Monday, March 31, 2014

No. 38: Weakening of Disclosure Requirements Imposed by State Regulators on Insurance Companies

The National Convention of Insurance Commissioners (Convention) was created in 1871 in the wake of the 1868 U.S. Supreme Court decision in Paul v. Virginia, which held that insurance was not commerce. An important reason for creation of the Convention was to prepare uniform annual financial statement blanks that insurance companies could file in all states. The Convention became the National Association of Insurance Commissioners (NAIC) in 1939, and to this day a major function of the NAIC is the promulgation of uniform annual statement blanks.

Removal of Schedules
Over the years the NAIC removed several important schedules from the life insurance company blanks. Among the schedules removed were Schedule G (executive compensation), Schedule J (legal expenses), Schedule K (lobbying expenses), and Schedule M (life insurance policy dividends).

The NAIC once thought the information in those schedules was important. However, the life insurance industry lobbied the NAIC to remove the schedules from the blank, and the NAIC did so. Although there was public interest in the information in those schedules, the NAIC said the schedules served no useful regulatory purpose.

Removal of Schedule G
Public interest in the executive compensation information in Schedule G always has been strong. In the January 1987 issue of The Insurance Forum, in an article entitled "More Secrecy from the NAIC," I said removal of Schedule G from the NAIC blank ended a long tradition of executive compensation disclosure in life insurance company annual statements dating from legislation enacted in 1906 after the Hughes-Armstrong investigation of 1905.

A New York law requires life insurance companies doing business in New York to disclose executive compensation information in annual statements filed in New York. For that reason, the New York Department of Insurance, which is now the New York Department of Financial Services (DFS), had to retain Schedule G in the New York Supplement to the NAIC blank.

Decimation of the New York Law
In the October 2008 issue of The Insurance Forum, in an article entitled "The Decimation of New York State's Century-Old Compensation Disclosure Law," I described how the life insurance industry lobbied the New York legislature to curtail sharply the amount of executive compensation information that had to be disclosed. The amendment passed easily with no hearings, no debate, and no media scrutiny.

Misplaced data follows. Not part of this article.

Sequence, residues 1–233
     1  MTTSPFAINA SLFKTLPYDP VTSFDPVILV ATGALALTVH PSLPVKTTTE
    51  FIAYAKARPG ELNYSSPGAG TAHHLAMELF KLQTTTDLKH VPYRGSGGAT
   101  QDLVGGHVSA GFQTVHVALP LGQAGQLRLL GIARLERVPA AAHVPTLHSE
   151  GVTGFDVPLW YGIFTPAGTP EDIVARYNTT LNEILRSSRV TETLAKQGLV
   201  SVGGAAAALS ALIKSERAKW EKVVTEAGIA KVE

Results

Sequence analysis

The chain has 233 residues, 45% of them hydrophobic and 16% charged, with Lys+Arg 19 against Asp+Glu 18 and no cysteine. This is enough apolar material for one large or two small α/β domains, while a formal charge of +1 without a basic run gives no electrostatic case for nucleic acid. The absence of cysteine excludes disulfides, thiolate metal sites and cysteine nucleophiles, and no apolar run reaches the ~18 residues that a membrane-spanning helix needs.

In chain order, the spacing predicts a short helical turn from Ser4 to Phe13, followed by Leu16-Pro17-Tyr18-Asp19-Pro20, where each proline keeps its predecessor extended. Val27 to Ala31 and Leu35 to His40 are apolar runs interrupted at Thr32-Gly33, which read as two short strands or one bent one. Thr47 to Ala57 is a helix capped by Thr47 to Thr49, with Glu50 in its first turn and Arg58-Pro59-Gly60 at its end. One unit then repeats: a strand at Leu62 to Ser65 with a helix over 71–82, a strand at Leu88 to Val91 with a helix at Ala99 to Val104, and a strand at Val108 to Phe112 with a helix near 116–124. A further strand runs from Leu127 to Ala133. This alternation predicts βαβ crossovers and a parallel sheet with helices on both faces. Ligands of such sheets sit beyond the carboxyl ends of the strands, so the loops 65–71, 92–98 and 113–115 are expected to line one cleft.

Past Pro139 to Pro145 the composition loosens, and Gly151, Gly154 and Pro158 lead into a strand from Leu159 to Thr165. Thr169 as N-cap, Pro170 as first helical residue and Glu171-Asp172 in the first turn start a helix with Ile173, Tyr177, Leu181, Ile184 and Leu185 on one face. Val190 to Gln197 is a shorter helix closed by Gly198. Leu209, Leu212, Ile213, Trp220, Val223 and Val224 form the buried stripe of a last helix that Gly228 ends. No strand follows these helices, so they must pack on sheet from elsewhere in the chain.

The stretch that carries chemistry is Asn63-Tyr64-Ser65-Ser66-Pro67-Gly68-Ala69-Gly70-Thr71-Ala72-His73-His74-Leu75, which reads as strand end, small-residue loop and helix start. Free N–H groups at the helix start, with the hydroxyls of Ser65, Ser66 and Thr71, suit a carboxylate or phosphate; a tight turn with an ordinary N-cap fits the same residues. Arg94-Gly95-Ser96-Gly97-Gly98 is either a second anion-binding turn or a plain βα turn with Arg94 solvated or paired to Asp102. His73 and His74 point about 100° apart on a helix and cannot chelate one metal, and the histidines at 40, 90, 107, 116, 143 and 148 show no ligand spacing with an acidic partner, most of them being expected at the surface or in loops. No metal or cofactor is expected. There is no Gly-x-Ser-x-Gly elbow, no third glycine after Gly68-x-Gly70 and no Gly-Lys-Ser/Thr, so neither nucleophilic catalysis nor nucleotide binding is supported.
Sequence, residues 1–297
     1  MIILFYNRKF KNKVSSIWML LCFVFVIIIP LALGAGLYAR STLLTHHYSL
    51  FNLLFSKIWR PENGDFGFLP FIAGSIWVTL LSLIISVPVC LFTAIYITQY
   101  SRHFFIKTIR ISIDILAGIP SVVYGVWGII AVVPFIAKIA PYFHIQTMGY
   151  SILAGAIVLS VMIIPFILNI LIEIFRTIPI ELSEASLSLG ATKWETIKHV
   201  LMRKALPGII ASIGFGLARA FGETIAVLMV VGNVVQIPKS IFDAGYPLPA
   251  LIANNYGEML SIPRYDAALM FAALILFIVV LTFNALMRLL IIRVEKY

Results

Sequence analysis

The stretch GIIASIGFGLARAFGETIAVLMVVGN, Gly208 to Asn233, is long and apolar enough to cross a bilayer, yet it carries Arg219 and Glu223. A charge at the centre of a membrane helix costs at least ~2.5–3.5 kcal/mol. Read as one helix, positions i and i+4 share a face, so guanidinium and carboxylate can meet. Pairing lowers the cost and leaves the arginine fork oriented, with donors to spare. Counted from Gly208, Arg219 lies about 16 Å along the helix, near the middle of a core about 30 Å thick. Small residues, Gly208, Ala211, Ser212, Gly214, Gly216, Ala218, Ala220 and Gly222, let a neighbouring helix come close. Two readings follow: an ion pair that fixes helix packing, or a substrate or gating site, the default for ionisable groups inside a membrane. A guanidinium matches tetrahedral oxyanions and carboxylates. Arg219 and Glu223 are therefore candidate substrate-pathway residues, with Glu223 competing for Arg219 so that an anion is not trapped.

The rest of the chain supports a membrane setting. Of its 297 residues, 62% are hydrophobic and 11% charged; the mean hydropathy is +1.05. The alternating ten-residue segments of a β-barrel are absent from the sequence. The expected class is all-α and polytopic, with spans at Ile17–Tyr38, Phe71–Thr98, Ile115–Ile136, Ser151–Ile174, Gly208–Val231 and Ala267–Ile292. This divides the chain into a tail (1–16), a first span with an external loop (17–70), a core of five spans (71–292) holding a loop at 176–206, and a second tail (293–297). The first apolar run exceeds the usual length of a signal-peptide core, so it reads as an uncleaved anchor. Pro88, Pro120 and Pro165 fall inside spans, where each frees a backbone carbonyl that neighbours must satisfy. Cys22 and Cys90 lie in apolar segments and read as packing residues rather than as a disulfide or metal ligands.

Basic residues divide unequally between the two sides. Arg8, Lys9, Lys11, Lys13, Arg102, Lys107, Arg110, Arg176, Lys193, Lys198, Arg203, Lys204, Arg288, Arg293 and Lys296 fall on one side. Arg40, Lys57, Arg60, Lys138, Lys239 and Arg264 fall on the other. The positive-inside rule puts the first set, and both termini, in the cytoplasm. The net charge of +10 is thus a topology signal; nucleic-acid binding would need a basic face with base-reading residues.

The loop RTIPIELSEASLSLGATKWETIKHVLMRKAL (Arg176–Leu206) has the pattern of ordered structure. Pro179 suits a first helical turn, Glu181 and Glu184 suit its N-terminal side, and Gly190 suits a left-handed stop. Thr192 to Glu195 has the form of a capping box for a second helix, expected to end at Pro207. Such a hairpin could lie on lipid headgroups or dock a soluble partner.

Until I received a tip after the amendment had cleared the legislature, I was not aware of the amendment even though its purpose was to reduce the amount of information available for my annual tabulations of executive compensation. I immediately wrote to then New York Governor David A. Paterson asking him to veto the amendment, but he signed it.

Special Treatment of Schedule G
Even in its decimated form, Schedule G is subject to special treatment. The DFS instructs companies to file Schedule G separately from the rest of the New York Supplement. Then the DFS posts the New York Supplement, without Schedule G, on the DFS's public portal. Thus a person who wants one or more Schedule Gs must file a formal request pursuant to the New York Freedom of Information Law and experience the delays associated with such requests.

On March 13, 2014, I asked Michael Maffei, chief of the life bureau of the DFS, to explain why the DFS gives special treatment to Schedule G. He did not reply. I think the life insurance industry lobbied the DFS, and the DFS agreed, to prevent the public from gaining easy access to executive compensation information.

General Observations
The history of Schedule G with the NAIC and the DFS vividly illustrates the contrast between the strong disclosure requirements in federal securities laws and the weak disclosure requirements in state insurance laws. Public companies are required to include executive compensation information in filings with the Securities and Exchange Commission (SEC). Most of the companies include the information in proxy statements, and a few include it in 10-K annual reports.

Those documents are readily available to the public on the SEC's website with no restrictions, no delays, no expenses, and no questions asked. One can only imagine the furor that would arise if shareholders, other investors, reporters, and the public had to incur the long delays associated with formal requests pursuant to the federal Freedom of Information Act to obtain access to executive compensation information.